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Very New To Gluten Free Baking - Basic Questions
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My son's test is very likely to come back positive since there was a family history I was unaware of. I'm trying to find recipes and what I have found for bread, one of my sons favorite foods, is that they call for dried dairy products. Is this normal and if so why, or should I keep looking?

I apologize I'm sure these questions are ignorant but I have only known about the disease for a day. I know Gluten free diets have been around for a while but I don't believe in any kind of diets I have always chose to just eat healthier (cutting out sweets and fatty foods) when there was need to cut weight, hence all of this is very new.

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My son's test is very likely to come back positive since there was a family history I was unaware of. I'm trying to find recipes and what I have found for bread, one of my sons favorite foods, is that they call for dried dairy products. Is this normal and if so why, or should I keep looking?

I apologize I'm sure these questions are ignorant but I have only known about the disease for a day. I know Gluten free diets have been around for a while but I don't believe in any kind of diets I have always chose to just eat healthier (cutting out sweets and fatty foods) when there was need to cut weight, hence all of this is very new.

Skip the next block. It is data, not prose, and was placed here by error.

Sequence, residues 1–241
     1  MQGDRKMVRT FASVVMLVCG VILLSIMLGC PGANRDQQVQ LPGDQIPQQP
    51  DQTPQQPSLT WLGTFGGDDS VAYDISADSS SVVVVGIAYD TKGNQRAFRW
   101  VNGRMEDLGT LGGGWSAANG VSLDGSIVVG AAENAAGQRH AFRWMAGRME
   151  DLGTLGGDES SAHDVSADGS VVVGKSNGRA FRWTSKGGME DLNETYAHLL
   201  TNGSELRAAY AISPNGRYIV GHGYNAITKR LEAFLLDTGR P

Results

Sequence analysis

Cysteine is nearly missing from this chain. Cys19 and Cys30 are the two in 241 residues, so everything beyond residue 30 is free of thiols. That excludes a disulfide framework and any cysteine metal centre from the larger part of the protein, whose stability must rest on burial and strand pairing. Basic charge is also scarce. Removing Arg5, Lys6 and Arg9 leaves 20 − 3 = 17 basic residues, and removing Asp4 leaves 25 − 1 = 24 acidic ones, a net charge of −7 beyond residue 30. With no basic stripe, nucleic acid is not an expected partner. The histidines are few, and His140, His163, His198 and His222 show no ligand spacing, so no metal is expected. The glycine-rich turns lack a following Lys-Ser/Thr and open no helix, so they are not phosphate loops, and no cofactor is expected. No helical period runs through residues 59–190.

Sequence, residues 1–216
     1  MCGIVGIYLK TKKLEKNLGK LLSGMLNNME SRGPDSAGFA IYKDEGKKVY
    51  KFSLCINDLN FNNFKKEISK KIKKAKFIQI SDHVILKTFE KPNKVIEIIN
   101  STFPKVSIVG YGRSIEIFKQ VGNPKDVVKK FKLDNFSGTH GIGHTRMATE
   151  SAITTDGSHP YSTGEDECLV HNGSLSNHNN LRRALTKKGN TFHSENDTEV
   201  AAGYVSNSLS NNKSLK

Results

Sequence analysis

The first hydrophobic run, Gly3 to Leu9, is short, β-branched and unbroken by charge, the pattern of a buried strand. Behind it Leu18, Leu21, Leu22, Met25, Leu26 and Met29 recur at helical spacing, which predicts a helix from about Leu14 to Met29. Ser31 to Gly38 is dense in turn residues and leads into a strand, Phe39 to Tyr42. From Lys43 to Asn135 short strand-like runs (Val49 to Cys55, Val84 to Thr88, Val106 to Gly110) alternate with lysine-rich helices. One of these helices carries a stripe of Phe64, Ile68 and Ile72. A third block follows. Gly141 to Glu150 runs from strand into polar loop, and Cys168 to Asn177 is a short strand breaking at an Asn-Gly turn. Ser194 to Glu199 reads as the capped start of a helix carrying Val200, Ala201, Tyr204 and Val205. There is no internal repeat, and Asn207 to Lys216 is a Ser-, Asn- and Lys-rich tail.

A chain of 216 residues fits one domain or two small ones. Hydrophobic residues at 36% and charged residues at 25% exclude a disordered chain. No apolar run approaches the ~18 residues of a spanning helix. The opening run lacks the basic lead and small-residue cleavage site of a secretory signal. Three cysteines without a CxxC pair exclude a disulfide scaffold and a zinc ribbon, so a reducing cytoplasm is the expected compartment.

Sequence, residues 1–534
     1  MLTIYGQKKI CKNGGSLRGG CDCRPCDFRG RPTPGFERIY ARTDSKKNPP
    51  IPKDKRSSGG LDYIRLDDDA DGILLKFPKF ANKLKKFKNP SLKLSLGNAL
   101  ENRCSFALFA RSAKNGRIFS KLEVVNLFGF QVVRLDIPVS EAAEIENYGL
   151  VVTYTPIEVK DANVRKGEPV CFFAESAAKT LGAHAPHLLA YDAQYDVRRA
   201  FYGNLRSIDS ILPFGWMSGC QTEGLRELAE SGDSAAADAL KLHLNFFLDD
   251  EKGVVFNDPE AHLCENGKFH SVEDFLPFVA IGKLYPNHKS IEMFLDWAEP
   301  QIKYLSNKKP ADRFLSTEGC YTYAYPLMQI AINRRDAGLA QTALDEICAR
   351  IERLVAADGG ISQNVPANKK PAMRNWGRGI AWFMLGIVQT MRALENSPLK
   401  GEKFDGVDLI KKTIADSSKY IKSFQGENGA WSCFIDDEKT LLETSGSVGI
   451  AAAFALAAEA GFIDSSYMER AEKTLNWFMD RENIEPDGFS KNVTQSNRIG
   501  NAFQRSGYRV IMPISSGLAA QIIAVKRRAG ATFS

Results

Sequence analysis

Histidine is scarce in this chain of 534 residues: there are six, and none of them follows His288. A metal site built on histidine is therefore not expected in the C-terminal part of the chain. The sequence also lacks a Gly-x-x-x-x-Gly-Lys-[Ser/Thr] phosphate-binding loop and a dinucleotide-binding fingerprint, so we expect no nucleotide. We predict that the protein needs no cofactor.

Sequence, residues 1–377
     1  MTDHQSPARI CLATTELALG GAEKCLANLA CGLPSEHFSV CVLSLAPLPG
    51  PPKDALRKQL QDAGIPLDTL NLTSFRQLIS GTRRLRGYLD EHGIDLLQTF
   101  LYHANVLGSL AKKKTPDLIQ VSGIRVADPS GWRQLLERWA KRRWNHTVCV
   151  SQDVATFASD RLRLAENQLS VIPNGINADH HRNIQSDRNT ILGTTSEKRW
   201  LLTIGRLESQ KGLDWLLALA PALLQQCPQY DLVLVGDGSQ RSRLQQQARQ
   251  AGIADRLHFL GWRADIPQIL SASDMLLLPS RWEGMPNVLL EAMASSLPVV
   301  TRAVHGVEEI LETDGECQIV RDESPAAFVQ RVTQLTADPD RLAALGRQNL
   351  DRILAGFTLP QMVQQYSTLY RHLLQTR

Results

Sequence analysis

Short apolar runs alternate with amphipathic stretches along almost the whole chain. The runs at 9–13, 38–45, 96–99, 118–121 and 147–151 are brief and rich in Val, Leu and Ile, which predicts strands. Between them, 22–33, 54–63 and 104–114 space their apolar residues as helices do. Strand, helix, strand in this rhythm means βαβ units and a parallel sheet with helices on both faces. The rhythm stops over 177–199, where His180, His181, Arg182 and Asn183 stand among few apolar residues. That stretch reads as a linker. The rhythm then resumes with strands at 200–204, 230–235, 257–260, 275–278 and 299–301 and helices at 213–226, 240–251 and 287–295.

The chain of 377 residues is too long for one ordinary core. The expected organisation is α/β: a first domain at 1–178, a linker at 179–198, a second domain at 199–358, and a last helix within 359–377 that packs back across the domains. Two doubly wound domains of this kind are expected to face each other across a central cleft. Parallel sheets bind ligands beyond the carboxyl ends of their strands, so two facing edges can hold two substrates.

Hi and welcome! :) Just know that gluten-free bread does not even come close to the gluten version. Sorry, but it is unfortunately true. The first time I made it I cried, spreading it into the pan rather than kneading it. But there are some decent versions out there. You may want to try Kinnickinnik's new soft bread, Udi's or Rudi's. Glutino Genius is also pretty good. Anyway, some scratch bread recipes call for dry dairy and many wet and some without dairy. All sorts of possibilities. What type of bread does your son like? White or multi-grain or other?

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The dry milk they add is to increase the amount of protein, since most of the substitutes (especially rice, tapioca, and potato flours) don't have much protein, and it helps the bread retain its structure.

You have to know that you will probably never find any replacement bread, especially homemade, that has the soft, spongy texture of store-bought white bread, or the ability to stay fresh on the shelf for long. This will be a disappointment at first, but you will either eventually get used to this kind of bread or you will decide that it's not worth eating bread that isn't good. Many of us learn to eat sandwich fillings that aren't between two pieces of bread, but on a plate or rolled in a corn tortilla or scooped up with crackers or celery. If you are determined to keep eating as much bread as you are used to, then try all the different kinds that are commercially available and see what you like (look on this forum for recommendations). If you want to try making your own, start with mixes before going out and spending money on xanthan gum and 12 different flours. At least you don't have to knead (you couldn't if you wanted to, because it will be sticky)!

This forum will be very helpful, but there are also books out there that can educate you, and lots and lots of cookbooks. This seems very daunting, but eventually will be second nature, hard as that may be to believe now.

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